Determination of Impact of Heat Soak After Engine Shutdown on
Inclusive Dates: 01/01/01 - Current
Background - The preponderance of fuel-deposition research has been conducted under steady-state operating conditions in which fuel is flowing for long periods of time through various heated components such as long tubes and fuel nozzles. During rapid engine shutdown, as commonly occurs during operation of Navy aircraft and Army tanks, fuel is trapped or pooled within the nozzles and feed lines or it may dribble down the face of a nozzle. This fuel is subsequently exposed to heating loads, known as heat soak, which originates from the retained heat in the engine hot sections. Also, these fuel collections are exposed to a surrounding atmosphere with significant oxygen content that further promotes deposit formation. The development of deposition models for heat-soak conditions has received little attention, in part, because the severity of the problem has only recently been established by SwRI during nozzle-fouling studies associated with engine shutdown and startup cycles. The lack of a heat-soak deposition model greatly diminishes the prospects for developing a comprehensive thermal stability test method that is applicable to the full range of operating conditions of a turbojet engine. Furthermore, there is no recognized test for deposit propensity under pooling conditions, and it is not known if the industry standard Jet Fuel Thermal Oxidation Tester (JFTOT) can appropriately address this issue.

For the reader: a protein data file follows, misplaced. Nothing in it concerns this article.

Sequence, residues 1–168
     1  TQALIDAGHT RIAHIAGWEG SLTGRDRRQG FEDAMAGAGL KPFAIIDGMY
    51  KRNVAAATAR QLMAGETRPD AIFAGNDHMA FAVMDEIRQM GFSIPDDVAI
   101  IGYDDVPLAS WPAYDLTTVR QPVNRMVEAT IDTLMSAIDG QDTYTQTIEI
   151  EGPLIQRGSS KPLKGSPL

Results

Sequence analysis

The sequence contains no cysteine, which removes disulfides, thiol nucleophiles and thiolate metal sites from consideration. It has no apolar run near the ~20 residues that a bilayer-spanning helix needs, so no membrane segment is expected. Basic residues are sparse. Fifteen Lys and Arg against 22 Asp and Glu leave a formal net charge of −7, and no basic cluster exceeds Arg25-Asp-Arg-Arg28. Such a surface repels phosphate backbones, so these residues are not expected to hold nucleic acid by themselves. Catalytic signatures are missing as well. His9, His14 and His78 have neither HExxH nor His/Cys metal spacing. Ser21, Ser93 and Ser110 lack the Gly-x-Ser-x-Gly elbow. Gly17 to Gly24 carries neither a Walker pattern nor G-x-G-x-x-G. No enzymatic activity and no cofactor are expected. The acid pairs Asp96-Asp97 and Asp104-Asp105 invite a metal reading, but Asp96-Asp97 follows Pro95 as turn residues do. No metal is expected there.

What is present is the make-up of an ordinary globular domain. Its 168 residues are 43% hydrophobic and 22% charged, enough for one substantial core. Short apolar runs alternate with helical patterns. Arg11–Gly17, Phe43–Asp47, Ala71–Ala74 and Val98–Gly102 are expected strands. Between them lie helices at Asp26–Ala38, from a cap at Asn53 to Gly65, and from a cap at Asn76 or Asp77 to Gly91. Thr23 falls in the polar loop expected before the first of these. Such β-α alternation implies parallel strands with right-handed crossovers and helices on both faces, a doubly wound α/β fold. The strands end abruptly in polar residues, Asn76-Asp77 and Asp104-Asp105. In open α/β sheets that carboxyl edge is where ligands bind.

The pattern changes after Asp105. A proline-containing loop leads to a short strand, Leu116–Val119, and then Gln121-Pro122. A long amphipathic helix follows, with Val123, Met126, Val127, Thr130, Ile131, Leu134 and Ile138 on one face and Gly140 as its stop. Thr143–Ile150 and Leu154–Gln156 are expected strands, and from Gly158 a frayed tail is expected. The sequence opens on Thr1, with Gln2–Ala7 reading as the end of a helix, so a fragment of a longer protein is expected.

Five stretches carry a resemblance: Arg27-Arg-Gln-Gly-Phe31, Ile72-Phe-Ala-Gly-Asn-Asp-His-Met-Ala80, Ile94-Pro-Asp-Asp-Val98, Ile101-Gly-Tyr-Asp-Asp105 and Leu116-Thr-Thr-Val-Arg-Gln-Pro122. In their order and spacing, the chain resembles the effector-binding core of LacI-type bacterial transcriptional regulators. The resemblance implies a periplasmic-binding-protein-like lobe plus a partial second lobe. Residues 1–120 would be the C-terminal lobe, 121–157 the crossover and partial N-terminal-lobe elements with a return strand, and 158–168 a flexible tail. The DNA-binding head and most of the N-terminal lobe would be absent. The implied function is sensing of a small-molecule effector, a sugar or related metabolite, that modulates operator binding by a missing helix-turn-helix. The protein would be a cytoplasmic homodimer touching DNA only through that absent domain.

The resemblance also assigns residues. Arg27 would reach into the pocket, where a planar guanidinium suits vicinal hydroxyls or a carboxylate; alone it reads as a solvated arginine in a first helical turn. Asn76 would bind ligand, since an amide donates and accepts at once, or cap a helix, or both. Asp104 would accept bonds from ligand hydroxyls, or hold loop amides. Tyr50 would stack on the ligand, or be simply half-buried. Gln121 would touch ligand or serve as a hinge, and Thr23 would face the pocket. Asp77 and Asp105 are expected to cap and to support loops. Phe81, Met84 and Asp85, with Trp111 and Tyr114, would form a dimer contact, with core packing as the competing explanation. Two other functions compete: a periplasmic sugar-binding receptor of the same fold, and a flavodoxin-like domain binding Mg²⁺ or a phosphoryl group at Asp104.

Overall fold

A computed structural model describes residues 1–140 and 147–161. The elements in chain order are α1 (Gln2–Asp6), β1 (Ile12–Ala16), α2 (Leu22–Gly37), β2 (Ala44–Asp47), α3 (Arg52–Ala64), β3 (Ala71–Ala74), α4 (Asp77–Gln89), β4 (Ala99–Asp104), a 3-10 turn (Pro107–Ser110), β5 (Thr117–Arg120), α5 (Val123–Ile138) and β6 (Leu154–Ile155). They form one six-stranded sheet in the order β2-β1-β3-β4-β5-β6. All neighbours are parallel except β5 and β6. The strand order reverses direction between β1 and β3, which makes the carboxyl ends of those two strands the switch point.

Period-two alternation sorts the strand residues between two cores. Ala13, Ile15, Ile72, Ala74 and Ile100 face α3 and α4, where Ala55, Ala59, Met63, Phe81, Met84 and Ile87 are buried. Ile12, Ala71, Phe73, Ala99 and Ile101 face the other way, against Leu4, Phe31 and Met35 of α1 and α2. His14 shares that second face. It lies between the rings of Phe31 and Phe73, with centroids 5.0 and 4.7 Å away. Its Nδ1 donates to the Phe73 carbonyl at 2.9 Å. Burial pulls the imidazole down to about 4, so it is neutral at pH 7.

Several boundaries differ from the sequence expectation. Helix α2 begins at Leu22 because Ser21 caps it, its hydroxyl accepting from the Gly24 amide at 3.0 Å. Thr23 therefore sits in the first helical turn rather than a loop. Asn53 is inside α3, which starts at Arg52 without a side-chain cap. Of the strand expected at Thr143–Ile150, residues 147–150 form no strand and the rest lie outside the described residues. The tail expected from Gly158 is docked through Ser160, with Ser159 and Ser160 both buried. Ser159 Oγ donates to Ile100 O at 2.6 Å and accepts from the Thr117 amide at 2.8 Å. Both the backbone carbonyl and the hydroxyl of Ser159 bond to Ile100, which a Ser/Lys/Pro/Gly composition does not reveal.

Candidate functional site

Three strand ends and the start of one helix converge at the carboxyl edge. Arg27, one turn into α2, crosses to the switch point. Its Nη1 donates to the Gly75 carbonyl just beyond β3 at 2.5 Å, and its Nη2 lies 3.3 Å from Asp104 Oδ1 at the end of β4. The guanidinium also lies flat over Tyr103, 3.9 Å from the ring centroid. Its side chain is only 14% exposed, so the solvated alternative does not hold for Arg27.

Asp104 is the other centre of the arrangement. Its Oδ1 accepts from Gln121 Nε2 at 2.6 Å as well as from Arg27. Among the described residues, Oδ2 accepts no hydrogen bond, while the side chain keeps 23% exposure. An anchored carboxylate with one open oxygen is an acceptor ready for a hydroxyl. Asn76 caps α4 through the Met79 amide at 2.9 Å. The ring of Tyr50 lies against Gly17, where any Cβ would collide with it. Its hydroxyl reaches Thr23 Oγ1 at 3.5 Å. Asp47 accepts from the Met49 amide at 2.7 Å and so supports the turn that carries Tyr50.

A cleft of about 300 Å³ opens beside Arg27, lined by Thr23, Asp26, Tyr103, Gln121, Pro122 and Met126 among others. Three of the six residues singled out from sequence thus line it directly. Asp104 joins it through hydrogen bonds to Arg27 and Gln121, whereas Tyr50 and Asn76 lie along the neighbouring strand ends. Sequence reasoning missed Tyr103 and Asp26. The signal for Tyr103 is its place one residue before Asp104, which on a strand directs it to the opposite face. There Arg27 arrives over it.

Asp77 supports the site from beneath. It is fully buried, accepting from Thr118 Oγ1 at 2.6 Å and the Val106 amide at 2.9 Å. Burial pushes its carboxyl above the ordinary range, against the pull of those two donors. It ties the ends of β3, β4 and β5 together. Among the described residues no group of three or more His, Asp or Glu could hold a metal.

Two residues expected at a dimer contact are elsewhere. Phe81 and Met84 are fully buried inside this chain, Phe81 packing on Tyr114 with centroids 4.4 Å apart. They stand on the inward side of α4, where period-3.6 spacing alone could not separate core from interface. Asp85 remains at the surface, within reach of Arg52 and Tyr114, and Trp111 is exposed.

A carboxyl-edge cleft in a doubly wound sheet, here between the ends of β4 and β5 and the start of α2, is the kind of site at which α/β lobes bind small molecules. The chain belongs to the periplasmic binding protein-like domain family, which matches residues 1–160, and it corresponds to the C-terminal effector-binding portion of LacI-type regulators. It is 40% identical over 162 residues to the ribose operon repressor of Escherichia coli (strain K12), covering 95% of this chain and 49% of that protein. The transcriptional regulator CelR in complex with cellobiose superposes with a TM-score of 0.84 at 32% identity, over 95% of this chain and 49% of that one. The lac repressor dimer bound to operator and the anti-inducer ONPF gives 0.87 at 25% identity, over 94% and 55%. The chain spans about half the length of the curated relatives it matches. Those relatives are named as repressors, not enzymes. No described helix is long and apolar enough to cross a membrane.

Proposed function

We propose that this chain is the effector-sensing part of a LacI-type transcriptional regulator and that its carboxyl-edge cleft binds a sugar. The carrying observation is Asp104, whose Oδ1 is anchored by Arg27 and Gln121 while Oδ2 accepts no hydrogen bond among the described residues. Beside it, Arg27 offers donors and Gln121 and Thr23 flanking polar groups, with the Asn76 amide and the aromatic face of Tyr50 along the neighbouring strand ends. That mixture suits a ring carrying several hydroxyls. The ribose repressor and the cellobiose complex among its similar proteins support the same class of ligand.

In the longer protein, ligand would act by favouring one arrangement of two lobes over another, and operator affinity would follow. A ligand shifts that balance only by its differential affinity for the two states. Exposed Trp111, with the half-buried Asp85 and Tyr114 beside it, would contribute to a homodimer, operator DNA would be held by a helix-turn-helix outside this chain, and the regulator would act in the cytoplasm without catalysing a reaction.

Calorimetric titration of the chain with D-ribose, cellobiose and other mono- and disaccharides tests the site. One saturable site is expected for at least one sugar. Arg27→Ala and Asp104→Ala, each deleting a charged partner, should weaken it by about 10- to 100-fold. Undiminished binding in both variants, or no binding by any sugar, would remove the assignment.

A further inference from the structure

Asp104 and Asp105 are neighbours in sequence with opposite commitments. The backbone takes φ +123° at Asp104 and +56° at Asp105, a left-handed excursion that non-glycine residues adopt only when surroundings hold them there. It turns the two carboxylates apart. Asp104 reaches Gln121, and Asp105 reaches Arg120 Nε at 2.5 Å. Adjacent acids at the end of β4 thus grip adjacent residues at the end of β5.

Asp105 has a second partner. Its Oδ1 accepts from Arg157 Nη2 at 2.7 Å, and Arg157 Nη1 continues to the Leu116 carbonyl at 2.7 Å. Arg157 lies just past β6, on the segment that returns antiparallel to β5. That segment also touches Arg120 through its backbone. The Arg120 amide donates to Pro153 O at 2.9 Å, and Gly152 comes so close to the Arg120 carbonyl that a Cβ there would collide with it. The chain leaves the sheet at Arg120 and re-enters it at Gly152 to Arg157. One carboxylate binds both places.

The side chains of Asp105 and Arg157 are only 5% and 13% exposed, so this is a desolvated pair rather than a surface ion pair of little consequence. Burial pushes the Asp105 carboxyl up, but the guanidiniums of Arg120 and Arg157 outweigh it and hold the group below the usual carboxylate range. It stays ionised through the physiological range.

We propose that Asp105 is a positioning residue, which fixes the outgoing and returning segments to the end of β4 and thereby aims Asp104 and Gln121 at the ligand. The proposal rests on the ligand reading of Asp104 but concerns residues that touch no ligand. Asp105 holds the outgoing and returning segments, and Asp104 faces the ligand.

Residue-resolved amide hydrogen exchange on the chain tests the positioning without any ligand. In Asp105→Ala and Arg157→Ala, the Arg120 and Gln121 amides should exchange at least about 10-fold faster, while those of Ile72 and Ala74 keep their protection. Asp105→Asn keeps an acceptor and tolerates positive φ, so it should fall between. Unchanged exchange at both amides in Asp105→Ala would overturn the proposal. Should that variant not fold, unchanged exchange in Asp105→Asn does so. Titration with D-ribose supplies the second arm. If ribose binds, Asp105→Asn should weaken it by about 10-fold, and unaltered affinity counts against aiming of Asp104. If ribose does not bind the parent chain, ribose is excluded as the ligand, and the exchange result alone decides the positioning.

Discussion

Approach - Mass conversion fractions (the fraction of fuel sample converted to a deposit) obtained experimentally are compared to several candidate kinetic reaction rate models to identify mass conversion mechanisms over temperature ranges typical of heat-soak conditions. Correlating factors include fuel composition, physical properties, and thermal stability (breakpoint temperature as determined by JFTOT results). Also, fuels with contaminants like "red dye" will be included in the study. The goal of this study is to better understand the deposition mechanisms and to establish whether the JFTOT is adequate for determining the propensity of fuels to form deposits under heat-soak conditions or if a new test method must be developed.
Accomplishments - Representative jet fuels have been subjected to heat-stress conditions representative of heat soak. Deposit formation on flat surfaces has been studied by a unique employment of thermogravimetric analysis (TGA) equipment with heating rates from 5 to 100 °C per minute. Deposition as a function of surface temperature has shown unexpected results for some fuels. An expected pronounced deposition peak was not apparent for some fuels. One possible explanation is related to the short reaction time available for the temperature profiles employed. Deposit formation for a diesel fuel, a fuel with larger fractions of high molecular weight hydrocarbon, exhibited a pronounced deposition peak. Also, this work verifies that deposition under heat-soak conditions as reported by other SwRI researchers does occur.